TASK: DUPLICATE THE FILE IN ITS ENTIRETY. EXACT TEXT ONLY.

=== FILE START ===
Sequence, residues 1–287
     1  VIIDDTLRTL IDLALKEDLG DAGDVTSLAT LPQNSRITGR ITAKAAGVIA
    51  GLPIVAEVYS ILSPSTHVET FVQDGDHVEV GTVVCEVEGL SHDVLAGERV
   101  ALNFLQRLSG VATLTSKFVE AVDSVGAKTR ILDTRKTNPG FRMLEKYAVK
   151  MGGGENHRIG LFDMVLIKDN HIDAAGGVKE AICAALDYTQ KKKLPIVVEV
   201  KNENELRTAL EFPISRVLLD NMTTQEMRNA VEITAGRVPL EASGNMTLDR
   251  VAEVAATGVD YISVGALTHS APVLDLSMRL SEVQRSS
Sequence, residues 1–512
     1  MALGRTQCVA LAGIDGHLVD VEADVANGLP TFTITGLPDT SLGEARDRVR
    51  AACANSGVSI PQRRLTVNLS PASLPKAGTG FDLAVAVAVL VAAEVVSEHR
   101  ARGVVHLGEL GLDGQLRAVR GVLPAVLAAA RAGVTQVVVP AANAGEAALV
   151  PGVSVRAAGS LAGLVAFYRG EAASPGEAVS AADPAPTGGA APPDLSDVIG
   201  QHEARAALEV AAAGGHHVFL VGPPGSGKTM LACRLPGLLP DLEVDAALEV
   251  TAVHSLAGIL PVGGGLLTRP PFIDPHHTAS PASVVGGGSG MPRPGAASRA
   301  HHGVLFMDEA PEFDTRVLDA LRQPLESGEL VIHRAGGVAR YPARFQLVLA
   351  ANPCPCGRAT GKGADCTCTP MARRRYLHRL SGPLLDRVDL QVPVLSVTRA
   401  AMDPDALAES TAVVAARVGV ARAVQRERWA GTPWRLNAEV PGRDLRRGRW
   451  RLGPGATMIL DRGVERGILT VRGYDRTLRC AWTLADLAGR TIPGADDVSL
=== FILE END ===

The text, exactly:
Sequence, residues 1–287
     1  VIIDDTLRTL IDLALKEDLG DAGDVTSLAT LPQNSRITGR ITAKAAGVIA
    51  GLPIVAEVYS ILSPSTHVET FVQDGDHVEV GTVVCEVEGL SHDVLAGERV
   101  ALNFLQRLSG VATLTSKFVE AVDSVGAKTR ILDTRKTNPG FRMLEKYAVK
   151  MGGGENHRIG LFDMVLIKDN HIDAAGGVKE AICAALDYTQ KKKLPIVVEV
   201  KNENELRTAL EFPISRVLLD NMTTQEMRNA VEITAGRVPL EASGNMTLDR
   251  VAEVAATGVD YISVGALTHS APVLDLSMRL SEVQRSS
Sequence, residues 1–512
     1  MALGRTQCVA LAGIDGHLVD VEADVANGLP TFTITGLPDT SLGEARDRVR
    51  AACANSGVSI PQRRLTVNLS PASLPKAGTG FDLAVAVAVL VAAEVVSEHR
   101  ARGVVHLGEL GLDGQLRAVR GVLPAVLAAA RAGVTQVVVP AANAGEAALV
   151  PGVSVRAAGS LAGLVAFYRG EAASPGEAVS AADPAPTGGA APPDLSDVIG
   201  QHEARAALEV AAAGGHHVFL VGPPGSGKTM LACRLPGLLP DLEVDAALEV
   251  TAVHSLAGIL PVGGGLLTRP PFIDPHHTAS PASVVGGGSG MPRPGAASRA
   301  HHGVLFMDEA PEFDTRVLDA LRQPLESGEL VIHRAGGVAR YPARFQLVLA
   351  ANPCPCGRAT GKGADCTCTP MARRRYLHRL SGPLLDRVDL QVPVLSVTRA
   401  AMDPDALAES TAVVAARVGV ARAVQRERWA GTPWRLNAEV PGRDLRRGRW
   451  RLGPGATMIL DRGVERGILT VRGYDRTLRC AWTLADLAGR TIPGADDVSL